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I am new to reading raw DNA. When comparing two people's raw data, why does one person have a different SNP than the other, at the same location, on specific chromosome? But on a different chromosome there will be the same SNP, at the same location, for both people.
Because that's how genetic variation works. SNPs are called single nucleotide polymorphisms for a reason: they are polymorphisms. This means that they are loci where different individuals will have a different nucleotide. This is precisely why they are studied and why we have databases of SNPs and the various genotypes they can manifest.
Remember that mutations can occur spontaneously in a single individual. In fact, they can appear spontaneously in a single cell. This means that if you sequence the genome of two different cells of the same individual it is actually possible that you will find small differences.
Finding small differences between different individuals is certain. Our genomes are not identical and while most differences will be in non-coding regions, you will also have SNPs within genes. How much of our phenotypic variation depends on such small differences is an active topic of research but it is safe to assume that small, single nucleotide changes cause at least some of the variation you see in the people around you.
In any case, what would be surprising is if two individuals were to share the exact same SNP forms for all SNPs in their genomes (I'm sure this happens, but I would expect it to be the case only for close relatives and probably not even then). This variation is the whole point of SNP and the only reason we analyze them.
It sounds to me as though you have misunderstood something about the chromosomes that make up a human genome.
on a different chromosome [… ] at the same location
is not the same location at all. There is no surprise in finding 2 genomes to differ in one place, and not at another unrelated place.
edit If this is a mis-reading of your question, and you meant that the 2 persons' SNP was "at the same location" as the other person, then the rest of the answer is irrelevant. 'A SNP' refers to a location, given a name/identifier for the purpose of measuring variation with SNP-chips; necessarily the same location in any person, which may vary, but needn't always differ between everyone (come on, there are only 4 possible values). You should re-phrase your question "why do they differ at SNP 1 and not at SNP2?".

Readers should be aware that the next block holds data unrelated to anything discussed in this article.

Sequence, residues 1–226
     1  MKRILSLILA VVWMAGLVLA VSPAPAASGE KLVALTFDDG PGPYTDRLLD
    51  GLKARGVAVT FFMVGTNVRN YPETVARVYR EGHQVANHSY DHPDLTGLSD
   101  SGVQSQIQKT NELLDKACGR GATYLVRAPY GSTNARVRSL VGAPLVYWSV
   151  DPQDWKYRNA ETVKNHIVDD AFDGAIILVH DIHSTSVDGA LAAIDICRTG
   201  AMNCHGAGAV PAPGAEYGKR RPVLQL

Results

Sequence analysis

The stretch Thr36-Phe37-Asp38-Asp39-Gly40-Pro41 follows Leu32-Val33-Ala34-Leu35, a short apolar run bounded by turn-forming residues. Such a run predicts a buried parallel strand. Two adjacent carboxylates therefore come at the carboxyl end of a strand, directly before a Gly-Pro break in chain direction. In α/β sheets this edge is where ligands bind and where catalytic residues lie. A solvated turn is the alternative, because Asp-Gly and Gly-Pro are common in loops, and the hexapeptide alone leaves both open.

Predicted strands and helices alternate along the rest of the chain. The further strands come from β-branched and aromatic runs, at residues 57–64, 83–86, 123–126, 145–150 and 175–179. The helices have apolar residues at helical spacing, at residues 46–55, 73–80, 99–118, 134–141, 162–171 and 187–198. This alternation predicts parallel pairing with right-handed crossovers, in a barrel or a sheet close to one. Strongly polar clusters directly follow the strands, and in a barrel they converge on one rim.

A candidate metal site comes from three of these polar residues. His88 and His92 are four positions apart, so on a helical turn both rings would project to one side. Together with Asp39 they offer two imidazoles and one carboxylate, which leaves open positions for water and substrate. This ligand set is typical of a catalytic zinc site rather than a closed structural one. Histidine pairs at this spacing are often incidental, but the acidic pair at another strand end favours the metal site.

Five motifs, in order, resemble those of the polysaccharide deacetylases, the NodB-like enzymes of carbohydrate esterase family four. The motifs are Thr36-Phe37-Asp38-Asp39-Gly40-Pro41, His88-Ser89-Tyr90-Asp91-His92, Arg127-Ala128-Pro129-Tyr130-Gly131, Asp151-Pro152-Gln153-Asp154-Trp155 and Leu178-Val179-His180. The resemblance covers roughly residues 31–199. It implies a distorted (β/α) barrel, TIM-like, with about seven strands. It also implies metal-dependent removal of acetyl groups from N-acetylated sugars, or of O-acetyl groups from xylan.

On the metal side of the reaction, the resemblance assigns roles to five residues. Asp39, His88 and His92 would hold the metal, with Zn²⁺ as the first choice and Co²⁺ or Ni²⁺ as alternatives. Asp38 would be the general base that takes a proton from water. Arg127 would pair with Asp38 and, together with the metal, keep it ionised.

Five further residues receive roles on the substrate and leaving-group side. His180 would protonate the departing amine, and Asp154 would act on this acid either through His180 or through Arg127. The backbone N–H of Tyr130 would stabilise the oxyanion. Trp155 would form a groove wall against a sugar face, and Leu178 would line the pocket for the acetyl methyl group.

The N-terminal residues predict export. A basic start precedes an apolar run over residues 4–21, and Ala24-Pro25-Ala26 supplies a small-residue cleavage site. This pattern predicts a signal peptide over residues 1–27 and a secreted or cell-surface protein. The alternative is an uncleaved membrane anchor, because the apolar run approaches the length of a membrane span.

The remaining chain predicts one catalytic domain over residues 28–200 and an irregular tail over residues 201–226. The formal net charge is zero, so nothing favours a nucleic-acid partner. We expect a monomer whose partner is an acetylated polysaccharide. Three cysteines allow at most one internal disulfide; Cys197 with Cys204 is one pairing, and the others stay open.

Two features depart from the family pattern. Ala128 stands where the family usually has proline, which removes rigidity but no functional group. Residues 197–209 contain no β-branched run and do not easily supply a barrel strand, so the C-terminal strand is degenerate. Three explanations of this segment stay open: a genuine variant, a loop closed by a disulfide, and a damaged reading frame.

SNP means nothing more than 'a single basepair in the genome, that might vary in a population', so let's just talk of 'difference at a position'.
A single haploid set of the human genome consists of 23 chromosomes, 22 of these are quite 'ordinary', while 1 is involved in sex determination. Of course, most of our cells are diploid and so we have 2 of these sets, with pairs of Chr1, Chr2,… Chr22 and X/Y.
What I think your problem isn't, that you perhaps thought it was
I haven't analysed large bits of genomic data but I believe heterozygous positions (positions at which one individual's paired chromosomes differ) are represented in that individual's sequence data. For this reason, I do not think your question is asking 'how can 2 persons have a difference at basepair x on one copy of Chr1, and no difference on the other copy of Chr1' - because both copies of Chr1 are merged as one person's dataset.
In fact it's impossible to assign (meaning to group in to haplotypes) heterozygous sequence to either one copy or the other without more information, i.e. sequences from parents & grandparents, to see which variants are inherited together (are linked).
What I think your problem really is
I think you are asking 'how can 2 persons have a difference at basepair x on Chr1, and no difference at basepair x on Chr6 (say)?' This is easily answered. Basepair 100 of Chr1 is a completely different and unrelated position in the genome to basepair 100 of Chr6. There is no reason to expect that these positions should be related.
A helpful thought experiment
We can concatenate the chromosomes rather than re-setting our count at the beginning of each, then bp 100 of Chr6 will instead be denoted (approximately) bp 1,080,000,100 of the genome - this makes the difference in these positions crystal clear.
Multiple independent mechanisms link gene polymorphisms in the region of ZEB2 with risk of coronary artery disease
Background and aims: Coronary artery disease (CAD) arises from the interaction of genetic and environmental factors. Although genome-wide association studies (GWAS) have identified multiple risk loci and single nucleotide polymorphisms (SNPs) associated with risk of CAD, they are predominantly located in non-coding or intergenic regions and their mechanisms of effect are largely unknown. Accordingly, our objective was to develop a data-driven informatics pipeline to understand complex CAD risk loci, and to apply this to a poorly understood cluster of SNPs in the vicinity of ZEB2.
Methods: We developed a unique informatics pipeline leveraging a multi-tissue CAD genetics-of-gene-expression dataset, GWAS datasets, and other resources. The pipeline first dissected SNP locations and their linkage disequilibrium relationships, and progressed through analyses of tissue-specific expression quantitative trait loci, and then gene-gene, gene-phenotype, SNP-phenotype relationships. The pipeline concluded by exploring CAD-relevant gene regulatory networks (GRNs).
Results: We identified three independent CAD risk SNPs in close proximity to the ZEB2 coding region (rs6740731, rs17678683 and rs2252641/rs1830321). Our pipeline determined that these SNPs likely act in concert via the atherosclerotic arterial wall and adipose tissues, by governing metabolic and lipid functions. In addition, ZEB2 is the top key driver of a liver-specific GRN that is related to lipid levels, metabolic and anthropometric measures, and CAD severity.